Outside the tropics most of these ultra-flood-tolerant swamp forests usually have either a relatively short winter or no winter, and trees do not have the stress of preserving an extensive root system in anaerobic conditions throughout long, non-productive winter periods. In the cold and cool-temperate regions of the world, particularly where the climate is oceanic, flooding is generally unfavourable for tree survival unless the ground is frozen during the period of potential inundation. The few woody species that survive in wetlands in cool oceanic regions are generally bushes and scrub of a limited number of species in which the genera Salix and Alnus are probably the most successful. The alder (Alnus glutinosa) is a typical species of riverbanks and lake edges. A common feature of alder stands is the formation of floodline communities due to the seeds washing up on banks during periods of flooding where they subsequently germinate. Alder seedlings do not establish readily under water and the river or lake edge can provide a suitable refuge from the dangers of flooding during the vulnerable period of establishment. Once established, alders are tolerant of flooding although they develop differently and show the many stemmed (polycormic) form in areas that are frequently flooded as compared with the pole (monocormic) form which is more usual in unflooded sites (see below).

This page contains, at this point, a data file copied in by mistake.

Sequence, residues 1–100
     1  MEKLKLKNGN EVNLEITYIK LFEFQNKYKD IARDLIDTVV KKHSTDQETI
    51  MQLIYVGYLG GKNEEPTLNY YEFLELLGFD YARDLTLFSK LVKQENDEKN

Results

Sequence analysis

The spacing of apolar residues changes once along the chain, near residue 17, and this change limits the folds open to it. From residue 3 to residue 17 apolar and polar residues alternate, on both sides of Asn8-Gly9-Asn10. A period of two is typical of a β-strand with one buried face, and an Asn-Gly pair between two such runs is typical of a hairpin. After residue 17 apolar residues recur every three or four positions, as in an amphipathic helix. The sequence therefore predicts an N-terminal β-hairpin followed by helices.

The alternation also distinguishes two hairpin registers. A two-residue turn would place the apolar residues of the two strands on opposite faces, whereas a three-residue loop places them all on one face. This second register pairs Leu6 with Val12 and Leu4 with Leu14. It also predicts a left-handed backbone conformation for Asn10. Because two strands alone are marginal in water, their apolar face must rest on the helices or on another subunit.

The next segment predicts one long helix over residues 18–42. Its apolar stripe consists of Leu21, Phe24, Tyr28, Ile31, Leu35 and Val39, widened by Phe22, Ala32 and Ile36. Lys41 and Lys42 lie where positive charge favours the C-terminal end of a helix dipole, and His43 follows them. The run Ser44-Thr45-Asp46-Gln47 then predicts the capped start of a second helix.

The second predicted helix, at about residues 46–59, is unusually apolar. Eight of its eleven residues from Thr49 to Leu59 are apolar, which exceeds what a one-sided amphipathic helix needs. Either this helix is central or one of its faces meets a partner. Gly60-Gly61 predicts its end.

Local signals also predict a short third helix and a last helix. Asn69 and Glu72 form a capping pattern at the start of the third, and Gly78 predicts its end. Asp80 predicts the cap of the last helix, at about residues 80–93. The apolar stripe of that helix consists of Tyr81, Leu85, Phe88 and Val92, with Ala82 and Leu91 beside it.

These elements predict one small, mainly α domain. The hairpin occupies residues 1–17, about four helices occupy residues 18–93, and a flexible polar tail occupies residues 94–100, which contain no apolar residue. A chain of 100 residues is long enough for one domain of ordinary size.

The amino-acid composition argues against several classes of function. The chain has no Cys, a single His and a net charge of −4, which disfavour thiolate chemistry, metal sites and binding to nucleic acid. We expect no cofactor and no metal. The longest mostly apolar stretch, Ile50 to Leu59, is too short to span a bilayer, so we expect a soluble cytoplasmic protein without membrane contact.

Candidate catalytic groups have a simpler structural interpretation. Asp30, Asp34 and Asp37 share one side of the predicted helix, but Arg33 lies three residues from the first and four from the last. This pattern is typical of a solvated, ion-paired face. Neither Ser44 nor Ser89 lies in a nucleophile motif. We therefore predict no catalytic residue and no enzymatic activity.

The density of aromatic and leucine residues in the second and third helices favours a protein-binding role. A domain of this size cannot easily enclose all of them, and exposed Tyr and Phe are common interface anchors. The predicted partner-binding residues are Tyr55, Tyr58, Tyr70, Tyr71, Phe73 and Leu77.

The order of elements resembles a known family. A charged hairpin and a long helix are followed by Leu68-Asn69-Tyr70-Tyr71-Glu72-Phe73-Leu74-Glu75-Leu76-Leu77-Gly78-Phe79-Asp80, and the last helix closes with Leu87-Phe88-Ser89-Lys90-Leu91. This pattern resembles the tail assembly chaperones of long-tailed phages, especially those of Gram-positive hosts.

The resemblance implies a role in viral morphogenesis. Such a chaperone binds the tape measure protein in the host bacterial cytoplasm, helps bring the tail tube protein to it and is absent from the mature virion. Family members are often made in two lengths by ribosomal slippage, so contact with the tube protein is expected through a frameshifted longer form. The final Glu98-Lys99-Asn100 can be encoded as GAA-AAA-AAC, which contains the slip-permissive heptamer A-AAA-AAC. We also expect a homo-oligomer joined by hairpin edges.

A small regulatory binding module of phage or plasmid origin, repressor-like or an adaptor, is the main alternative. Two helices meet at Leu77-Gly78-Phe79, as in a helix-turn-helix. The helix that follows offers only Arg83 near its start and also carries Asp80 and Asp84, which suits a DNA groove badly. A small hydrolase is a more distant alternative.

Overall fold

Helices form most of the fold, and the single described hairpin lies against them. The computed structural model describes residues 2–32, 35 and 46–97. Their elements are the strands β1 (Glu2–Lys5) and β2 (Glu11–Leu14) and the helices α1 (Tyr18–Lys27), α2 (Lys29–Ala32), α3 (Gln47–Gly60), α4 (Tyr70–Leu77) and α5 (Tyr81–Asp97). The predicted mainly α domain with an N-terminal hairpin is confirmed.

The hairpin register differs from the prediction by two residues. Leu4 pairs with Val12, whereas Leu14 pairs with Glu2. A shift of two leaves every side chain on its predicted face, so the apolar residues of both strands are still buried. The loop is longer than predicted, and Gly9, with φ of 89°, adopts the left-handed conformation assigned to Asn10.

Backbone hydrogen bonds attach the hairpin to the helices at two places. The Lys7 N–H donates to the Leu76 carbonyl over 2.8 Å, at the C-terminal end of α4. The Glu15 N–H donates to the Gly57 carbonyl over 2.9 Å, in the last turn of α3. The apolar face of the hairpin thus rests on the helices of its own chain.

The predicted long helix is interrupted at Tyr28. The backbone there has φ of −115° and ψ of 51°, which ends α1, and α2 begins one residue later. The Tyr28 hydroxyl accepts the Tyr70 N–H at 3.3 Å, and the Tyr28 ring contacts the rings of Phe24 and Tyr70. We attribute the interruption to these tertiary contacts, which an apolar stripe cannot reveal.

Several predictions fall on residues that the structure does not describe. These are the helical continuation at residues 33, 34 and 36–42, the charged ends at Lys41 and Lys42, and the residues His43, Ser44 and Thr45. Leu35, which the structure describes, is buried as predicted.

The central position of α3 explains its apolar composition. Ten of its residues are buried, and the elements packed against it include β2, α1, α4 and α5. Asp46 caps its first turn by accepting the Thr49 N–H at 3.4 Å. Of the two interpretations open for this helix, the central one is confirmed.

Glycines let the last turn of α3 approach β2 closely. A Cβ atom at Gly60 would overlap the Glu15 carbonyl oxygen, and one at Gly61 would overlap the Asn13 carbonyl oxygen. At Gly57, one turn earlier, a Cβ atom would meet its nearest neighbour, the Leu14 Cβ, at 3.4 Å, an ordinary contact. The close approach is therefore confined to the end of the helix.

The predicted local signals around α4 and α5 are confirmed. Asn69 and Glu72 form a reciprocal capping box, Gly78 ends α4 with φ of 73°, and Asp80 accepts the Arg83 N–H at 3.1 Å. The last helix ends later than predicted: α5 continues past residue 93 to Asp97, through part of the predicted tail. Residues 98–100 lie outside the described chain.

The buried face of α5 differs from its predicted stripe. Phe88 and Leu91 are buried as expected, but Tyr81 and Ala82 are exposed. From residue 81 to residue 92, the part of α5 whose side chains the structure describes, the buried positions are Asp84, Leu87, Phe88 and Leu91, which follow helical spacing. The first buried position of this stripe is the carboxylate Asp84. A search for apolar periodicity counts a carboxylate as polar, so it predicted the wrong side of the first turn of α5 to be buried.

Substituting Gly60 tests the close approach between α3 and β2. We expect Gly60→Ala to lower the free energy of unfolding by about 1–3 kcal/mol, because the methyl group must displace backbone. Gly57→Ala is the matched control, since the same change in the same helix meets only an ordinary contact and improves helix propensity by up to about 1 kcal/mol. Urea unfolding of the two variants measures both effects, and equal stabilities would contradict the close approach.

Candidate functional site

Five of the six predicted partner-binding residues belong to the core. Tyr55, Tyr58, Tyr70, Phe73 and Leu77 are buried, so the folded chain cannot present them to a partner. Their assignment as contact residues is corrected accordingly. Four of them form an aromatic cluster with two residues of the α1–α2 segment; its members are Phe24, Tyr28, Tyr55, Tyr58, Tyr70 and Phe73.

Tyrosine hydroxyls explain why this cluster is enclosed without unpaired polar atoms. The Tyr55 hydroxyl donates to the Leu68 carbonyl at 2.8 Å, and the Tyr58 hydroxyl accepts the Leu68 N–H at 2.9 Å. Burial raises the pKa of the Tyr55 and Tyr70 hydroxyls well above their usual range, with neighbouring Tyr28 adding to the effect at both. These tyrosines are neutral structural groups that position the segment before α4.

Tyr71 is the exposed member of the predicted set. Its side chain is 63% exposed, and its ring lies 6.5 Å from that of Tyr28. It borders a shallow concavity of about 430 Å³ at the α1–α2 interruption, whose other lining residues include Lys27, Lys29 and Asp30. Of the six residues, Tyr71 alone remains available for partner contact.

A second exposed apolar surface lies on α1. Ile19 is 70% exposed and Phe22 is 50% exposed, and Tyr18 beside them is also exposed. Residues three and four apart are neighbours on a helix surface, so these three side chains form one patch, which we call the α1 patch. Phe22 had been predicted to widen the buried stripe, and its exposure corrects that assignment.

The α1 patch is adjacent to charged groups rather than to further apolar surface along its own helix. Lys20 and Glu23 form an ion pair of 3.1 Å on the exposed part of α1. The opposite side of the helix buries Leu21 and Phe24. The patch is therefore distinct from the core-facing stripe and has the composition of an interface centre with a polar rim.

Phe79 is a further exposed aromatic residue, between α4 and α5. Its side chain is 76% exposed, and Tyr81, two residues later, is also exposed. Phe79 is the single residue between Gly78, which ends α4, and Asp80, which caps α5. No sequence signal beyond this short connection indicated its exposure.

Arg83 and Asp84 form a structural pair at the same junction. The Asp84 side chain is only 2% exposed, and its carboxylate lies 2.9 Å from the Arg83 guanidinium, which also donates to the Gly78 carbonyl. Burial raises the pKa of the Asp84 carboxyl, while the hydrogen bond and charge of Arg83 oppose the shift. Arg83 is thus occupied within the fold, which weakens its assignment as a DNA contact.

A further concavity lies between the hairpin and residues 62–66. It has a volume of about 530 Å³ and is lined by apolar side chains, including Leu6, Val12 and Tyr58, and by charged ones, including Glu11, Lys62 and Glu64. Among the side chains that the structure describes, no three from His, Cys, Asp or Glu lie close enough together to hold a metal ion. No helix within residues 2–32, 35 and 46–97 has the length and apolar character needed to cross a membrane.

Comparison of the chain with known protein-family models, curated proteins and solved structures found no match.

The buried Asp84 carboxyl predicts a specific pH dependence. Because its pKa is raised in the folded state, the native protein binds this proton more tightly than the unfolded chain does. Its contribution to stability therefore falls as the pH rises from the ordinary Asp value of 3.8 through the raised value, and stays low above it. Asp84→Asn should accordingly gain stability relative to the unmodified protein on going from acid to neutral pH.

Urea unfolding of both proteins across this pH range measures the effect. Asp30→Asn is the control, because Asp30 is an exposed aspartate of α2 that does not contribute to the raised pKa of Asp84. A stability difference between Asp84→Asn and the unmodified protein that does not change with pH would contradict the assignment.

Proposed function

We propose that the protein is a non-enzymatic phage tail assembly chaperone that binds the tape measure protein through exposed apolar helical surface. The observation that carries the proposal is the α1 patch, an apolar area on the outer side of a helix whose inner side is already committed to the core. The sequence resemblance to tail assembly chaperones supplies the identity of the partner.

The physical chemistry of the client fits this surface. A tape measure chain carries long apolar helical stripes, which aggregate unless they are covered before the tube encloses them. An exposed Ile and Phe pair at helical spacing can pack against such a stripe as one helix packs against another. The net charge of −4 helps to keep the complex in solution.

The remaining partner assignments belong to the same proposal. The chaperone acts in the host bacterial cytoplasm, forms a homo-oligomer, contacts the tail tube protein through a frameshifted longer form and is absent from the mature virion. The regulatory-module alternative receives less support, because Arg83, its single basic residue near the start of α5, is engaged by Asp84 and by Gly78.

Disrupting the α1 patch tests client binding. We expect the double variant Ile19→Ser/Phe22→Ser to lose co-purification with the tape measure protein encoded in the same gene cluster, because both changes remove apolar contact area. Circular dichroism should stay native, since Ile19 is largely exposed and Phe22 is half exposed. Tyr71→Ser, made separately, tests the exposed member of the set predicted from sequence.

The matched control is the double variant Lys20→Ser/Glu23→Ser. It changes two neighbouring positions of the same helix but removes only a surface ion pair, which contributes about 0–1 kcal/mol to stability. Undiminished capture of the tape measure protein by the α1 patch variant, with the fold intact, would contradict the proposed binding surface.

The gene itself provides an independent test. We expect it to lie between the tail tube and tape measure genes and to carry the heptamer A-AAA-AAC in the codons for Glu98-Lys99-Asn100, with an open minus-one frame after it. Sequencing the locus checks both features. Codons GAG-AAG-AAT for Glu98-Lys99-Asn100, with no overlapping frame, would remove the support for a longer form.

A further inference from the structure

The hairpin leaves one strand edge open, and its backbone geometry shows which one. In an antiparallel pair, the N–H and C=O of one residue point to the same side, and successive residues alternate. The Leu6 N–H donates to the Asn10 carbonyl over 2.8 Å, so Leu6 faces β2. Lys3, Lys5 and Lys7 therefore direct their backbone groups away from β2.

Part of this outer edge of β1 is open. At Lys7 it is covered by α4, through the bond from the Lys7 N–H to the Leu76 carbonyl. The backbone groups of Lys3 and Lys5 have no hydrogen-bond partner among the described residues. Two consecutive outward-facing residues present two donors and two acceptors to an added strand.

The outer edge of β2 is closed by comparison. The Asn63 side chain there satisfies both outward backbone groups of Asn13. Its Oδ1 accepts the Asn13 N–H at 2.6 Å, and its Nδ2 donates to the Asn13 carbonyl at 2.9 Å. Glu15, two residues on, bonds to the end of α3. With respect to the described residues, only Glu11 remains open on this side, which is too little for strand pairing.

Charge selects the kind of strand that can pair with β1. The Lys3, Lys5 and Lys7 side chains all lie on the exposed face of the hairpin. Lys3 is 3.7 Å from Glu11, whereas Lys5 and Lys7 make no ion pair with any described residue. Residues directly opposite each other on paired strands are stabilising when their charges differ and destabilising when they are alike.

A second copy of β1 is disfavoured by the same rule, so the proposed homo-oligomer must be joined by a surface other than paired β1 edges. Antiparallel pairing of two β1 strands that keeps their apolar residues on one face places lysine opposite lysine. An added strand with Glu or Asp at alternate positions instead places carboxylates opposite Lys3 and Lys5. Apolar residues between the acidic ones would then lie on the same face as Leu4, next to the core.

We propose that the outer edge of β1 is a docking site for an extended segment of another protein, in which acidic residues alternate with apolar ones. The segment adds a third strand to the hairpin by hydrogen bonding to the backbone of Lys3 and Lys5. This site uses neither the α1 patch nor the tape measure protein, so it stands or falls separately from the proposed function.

In relation to tissue aeration in trees it should be noted that several species (e.g. birch, poplar, alder) have greenish tissues below the outer peridermal or rhytido-mal layers. These chlorophyll-containing tissues within the stems are able to use the stem internal CO2 and the light penetrating the bark for photosynthesis. When the photo-assimilation process is examined quantitatively
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